On Verge Of Being Delisted, Urologix Moves Off Nasdaq
One of Minnesota’s 100 largest public companies is transferring its stock from the Nasdaq exchange to an “over-the-counter” market, as it has been unable to meet certain Nasdaq requirements.
Plymouth-based Urologix, Inc., develops, manufactures, and markets minimally invasive medical products that use microwave technology for the treatment of symptoms of benign prostatic hyperplasia, an enlargement of the prostate.
The company said earlier this year that it faced delisting from the Nasdaq Capital Market because its shares did not meet the stock exchange’s minimum bid price requirement of $1 per share. It initially had until January 22 to regain compliance, which requires shares to close at or above the $1 threshold for at least 10 consecutive business days, but it failed to meet that requirement.
The company has also failed to meet Nasdaq’s minimum shareholders’ equity requirement of $2.5 million.
In April, its deadline for meeting the minimum bid price was extended to June 17, and its deadline for regaining compliance with the shareholders’ equity requirement was pushed back to September 30.
But the company said Thursday that it decided to transfer its stock to the OTCQB Marketplace, where it will begin trading Friday under the ULGX ticker, which Urologix also used on the Nasdaq exchange.
The decision to transfer was made “following the board of directors’ detailed review of numerous factors.” Those factors included “the advantages and disadvantages of effecting a reverse stock split in order to regain compliance with Nasdaq’s continued listing requirements, with the conclusion that doing so was not in the company’s or its shareholders’ best interests at this time, especially given the remaining shareholders’ equity compliance issue,” Urologix said.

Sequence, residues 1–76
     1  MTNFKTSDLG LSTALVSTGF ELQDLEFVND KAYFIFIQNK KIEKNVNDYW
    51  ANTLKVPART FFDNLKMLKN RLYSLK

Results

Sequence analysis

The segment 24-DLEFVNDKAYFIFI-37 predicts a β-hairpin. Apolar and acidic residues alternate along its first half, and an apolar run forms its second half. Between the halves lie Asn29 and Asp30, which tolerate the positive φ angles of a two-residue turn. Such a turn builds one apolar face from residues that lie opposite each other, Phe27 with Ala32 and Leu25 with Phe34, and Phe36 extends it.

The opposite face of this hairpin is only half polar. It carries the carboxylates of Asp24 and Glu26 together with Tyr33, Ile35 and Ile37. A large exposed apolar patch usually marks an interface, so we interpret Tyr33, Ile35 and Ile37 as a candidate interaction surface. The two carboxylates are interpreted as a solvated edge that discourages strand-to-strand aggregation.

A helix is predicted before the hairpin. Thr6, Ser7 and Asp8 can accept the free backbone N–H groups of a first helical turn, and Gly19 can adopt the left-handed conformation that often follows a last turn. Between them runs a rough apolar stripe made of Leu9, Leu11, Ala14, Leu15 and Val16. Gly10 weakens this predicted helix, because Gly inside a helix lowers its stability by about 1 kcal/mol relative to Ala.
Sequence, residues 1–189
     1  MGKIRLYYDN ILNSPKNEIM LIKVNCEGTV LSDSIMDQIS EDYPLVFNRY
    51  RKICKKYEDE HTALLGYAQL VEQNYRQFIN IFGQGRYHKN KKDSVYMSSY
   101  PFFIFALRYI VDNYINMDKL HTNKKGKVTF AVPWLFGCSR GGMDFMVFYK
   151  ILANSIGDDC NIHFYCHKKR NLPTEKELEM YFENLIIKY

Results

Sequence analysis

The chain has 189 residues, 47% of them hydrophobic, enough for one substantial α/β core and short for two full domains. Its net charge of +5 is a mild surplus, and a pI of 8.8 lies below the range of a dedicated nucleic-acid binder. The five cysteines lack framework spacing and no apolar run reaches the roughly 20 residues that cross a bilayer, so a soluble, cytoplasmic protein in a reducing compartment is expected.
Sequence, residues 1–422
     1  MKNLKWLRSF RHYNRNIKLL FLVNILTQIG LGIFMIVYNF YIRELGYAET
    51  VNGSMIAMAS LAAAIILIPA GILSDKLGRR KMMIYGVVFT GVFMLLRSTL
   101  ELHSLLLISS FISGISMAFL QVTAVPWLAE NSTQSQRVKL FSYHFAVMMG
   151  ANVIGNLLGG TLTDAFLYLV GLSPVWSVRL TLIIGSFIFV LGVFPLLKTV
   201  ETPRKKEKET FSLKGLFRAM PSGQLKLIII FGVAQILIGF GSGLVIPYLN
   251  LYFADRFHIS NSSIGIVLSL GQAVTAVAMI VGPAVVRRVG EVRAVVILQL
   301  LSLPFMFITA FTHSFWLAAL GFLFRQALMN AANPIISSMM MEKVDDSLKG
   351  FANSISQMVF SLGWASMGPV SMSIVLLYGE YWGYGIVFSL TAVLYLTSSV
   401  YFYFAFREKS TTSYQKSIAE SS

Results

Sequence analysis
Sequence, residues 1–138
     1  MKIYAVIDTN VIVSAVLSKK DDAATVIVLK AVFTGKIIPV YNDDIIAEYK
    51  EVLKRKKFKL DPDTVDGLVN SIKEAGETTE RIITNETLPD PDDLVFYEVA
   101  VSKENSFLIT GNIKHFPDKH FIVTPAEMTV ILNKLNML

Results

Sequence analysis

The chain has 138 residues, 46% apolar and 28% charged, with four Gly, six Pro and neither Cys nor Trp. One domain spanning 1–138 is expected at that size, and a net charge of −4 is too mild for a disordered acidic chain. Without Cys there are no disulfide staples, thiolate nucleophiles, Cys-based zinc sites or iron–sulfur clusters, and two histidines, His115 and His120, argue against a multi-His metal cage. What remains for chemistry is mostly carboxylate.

Companies that are unable to meet Nasdaq’s requirements often transition to so-called “over-the-counter” marketplaces. The OTCQB marketplace features more than 3,100 securities for U.S. companies, which are subject to regulatory reporting requirements but don’t have financial requirements like Nasdaq. St. Louis Park-based restaurant chain Granite City Food & Brewery recently made a similar transition after being delisted from Nasdaq.
Shares of Urologix’s stock were trading down about 12.5 percent Thursday morning at $0.42.
The transfer to the OTCQB Marketplace “will provide our shareholders with a seamless transition in the trading of Urologix shares,” Greg Fluet, who was appointed CEO earlier this year, said in a statement.
The move allows Urologix to “allocate valuable resources towards higher-return endeavors, specifically our exciting strategic growth initiatives,” Fluet said. “We continue to focus on improving our operating and financial performance and believe that as we demonstrate progress on these objectives our market capitalization will reflect the improving results.”
For its fiscal year that ended June 30, 2012, Urologix reported $17.03 million in revenue, up 35 percent from $12.57 million the previous year. Its net loss, however, widened from $3.7 million to $4.7 million.
In its most recent quarter, which ended March 31, revenue totaled $4.1 million, down 13.8 percent from the same period a year ago. It reported a net loss of $1 million, or $0.05 per diluted share, compared to a net loss of $968,000, or $0.07 per share, during the prior-year period.
Urologix is Minnesota’s 15th-largest publicly traded medical-device manufacturer based on revenue.